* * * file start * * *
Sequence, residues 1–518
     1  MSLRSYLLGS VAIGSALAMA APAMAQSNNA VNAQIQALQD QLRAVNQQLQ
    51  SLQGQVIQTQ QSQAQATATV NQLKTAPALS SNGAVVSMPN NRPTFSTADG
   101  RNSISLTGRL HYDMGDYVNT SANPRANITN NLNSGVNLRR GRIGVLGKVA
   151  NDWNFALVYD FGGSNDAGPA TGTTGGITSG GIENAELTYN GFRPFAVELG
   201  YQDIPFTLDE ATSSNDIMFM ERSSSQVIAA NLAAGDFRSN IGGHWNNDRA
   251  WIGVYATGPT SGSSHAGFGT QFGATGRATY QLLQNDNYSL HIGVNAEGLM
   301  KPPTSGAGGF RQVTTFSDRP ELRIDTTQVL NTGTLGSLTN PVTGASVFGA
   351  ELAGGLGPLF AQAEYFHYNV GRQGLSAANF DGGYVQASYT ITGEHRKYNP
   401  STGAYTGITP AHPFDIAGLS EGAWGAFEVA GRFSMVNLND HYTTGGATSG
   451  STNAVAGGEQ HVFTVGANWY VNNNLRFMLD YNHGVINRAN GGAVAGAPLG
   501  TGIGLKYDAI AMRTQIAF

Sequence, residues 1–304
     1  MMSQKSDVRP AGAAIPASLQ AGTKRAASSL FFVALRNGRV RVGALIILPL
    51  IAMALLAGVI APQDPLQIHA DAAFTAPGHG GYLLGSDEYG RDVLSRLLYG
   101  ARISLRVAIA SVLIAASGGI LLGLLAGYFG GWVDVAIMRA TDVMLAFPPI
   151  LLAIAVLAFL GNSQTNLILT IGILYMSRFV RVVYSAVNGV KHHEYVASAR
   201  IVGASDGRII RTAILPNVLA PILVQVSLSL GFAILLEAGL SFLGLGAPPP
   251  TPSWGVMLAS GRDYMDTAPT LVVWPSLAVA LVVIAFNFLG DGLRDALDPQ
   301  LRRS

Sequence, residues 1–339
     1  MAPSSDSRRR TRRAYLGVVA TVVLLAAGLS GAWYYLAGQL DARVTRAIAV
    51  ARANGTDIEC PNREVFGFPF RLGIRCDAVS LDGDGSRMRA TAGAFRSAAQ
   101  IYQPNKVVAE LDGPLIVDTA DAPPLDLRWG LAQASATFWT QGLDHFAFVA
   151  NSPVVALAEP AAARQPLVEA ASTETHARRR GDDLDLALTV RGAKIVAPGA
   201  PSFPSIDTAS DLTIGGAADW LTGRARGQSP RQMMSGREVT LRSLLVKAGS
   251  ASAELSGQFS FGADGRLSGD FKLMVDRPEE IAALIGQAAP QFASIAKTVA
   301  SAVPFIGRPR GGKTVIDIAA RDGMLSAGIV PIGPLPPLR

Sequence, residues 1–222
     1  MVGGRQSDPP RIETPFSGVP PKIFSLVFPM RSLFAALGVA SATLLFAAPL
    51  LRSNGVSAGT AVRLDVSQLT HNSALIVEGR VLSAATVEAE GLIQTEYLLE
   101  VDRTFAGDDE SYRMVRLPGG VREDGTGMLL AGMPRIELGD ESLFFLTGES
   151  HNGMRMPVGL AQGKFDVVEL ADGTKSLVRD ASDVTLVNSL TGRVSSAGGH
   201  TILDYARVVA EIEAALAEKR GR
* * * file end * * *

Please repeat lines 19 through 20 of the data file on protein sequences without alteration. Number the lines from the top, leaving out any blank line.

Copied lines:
   251  TPSWGVMLAS GRDYMDTAPT LVVWPSLAVA LVVIAFNFLG DGLRDALDPQ
   301  LRRS